Conservation and Biodiversity
Controlled Fires In South America Lead To Subsequent Disaster
October 3, 2022
Trees play a vital role in influencing the Earth’s climate as they take in about 48 pounds of carbon dioxide each per year. Their presence is essential to maintaining wildlife and their ecosystems. However, the tree population has continuously decreased due to the large amount of deforestation around the world due in large part to agriculture and forest fires.
Deforestation due to agriculture has been commonplace for thousands of years. It is a common practice by private landowners, in South America, used to make a clearing for agricultural and cattle production. One of the most common methods farmers use to clear land is through controlled burns. This practice results in loss of native vegetation and species in areas like Brazil, Peru, Ecuador, and Colombia. In doing so, private landowners put public and undeclared lands at risk of catching fire as well.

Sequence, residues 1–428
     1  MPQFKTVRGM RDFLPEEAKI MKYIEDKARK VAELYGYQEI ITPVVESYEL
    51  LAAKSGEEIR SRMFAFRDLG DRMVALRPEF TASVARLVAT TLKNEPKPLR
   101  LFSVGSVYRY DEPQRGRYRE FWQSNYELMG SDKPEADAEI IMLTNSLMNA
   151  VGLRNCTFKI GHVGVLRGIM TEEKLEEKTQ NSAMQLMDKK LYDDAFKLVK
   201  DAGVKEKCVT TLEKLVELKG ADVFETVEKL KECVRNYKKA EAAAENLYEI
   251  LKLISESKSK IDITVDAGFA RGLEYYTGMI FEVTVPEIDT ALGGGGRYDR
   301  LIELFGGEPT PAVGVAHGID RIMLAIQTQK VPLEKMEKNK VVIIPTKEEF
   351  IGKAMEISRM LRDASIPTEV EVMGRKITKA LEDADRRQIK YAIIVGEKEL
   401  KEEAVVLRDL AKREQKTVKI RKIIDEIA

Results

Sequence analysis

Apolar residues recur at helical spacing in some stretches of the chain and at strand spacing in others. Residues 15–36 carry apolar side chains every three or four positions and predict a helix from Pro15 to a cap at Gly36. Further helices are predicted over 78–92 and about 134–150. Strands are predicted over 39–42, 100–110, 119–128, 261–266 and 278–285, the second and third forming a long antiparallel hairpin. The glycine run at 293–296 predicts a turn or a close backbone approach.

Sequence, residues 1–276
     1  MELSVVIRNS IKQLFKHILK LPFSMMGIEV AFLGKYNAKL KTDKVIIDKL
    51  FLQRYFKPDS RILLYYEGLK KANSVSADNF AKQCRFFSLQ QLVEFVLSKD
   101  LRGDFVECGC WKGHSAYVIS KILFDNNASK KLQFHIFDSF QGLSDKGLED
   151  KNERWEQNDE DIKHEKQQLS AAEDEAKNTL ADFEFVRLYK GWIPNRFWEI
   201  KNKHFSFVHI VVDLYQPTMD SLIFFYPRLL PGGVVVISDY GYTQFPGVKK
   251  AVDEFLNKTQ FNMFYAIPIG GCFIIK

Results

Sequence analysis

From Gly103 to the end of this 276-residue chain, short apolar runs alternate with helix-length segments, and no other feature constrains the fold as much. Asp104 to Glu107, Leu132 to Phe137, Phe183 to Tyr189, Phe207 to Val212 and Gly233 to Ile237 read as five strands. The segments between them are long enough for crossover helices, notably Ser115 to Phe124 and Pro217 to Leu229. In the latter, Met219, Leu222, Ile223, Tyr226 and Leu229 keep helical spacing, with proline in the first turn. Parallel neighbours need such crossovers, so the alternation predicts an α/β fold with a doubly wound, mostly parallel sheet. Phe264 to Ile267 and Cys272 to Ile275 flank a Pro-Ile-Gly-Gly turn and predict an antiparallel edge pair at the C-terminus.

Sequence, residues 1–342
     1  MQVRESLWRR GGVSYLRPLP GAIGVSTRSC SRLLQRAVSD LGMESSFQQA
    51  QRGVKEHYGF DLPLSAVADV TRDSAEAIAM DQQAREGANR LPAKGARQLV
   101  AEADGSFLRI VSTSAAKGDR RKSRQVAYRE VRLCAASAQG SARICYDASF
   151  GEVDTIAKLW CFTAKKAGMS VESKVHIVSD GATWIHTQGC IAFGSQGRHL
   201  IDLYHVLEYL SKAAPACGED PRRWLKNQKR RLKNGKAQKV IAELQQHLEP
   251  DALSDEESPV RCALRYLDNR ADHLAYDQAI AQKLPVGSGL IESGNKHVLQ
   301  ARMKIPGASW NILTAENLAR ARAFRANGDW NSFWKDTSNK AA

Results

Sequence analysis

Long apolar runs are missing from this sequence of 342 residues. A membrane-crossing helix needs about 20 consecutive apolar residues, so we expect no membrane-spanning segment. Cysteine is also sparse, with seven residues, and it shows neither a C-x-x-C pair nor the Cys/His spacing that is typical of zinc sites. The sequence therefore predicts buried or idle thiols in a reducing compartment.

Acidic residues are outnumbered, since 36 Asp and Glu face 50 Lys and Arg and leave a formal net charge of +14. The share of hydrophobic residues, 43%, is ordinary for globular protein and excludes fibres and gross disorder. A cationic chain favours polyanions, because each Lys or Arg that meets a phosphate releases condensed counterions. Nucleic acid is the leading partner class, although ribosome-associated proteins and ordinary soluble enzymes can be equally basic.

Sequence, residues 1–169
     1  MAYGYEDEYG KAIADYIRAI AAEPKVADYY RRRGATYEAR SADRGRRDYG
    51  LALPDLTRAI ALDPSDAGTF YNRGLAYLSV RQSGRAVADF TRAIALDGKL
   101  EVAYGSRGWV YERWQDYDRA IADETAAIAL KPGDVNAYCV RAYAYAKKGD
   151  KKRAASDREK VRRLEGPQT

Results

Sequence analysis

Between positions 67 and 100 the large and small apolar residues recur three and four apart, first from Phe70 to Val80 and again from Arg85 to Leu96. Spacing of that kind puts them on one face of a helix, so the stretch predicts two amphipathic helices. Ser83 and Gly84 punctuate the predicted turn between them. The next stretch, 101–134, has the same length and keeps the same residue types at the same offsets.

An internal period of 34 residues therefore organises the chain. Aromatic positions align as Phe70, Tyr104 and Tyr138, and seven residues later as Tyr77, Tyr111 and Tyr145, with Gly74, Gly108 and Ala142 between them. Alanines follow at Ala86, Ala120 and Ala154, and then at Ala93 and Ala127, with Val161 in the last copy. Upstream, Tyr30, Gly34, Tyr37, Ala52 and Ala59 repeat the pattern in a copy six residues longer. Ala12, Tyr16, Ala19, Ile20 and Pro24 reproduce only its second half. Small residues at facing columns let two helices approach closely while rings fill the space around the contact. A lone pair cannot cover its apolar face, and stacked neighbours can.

Once a forest has experienced a fire, that area is 60% more likely it will experience at least another one after that. This means that they are left vulnerable to subsequent disaster, which interrupts their regrowth, especially since it can take about two decades for them to return to their original state.
The indigenous communities who live within these affected areas are often the first to experience the aftermath of the forest fires that turn into wild fires. With 3,500 fires in 148 indegenous Amazonian communities in a single month, the struggles they face in acquiring their usual vegetation and water due to forest fires can unfortunately become normalized.
The importance of healthy forests is crucial not only for the environment and biodiversity, but also for the communities that depend on them. A great way to ensure that we are conserving and restoring the areas affected by forest fires is by taking part in The Canopy Project from EARTHDAY.ORG. We can ensure that we are playing our role in helping restore vulnerable areas most impacted by forest fires.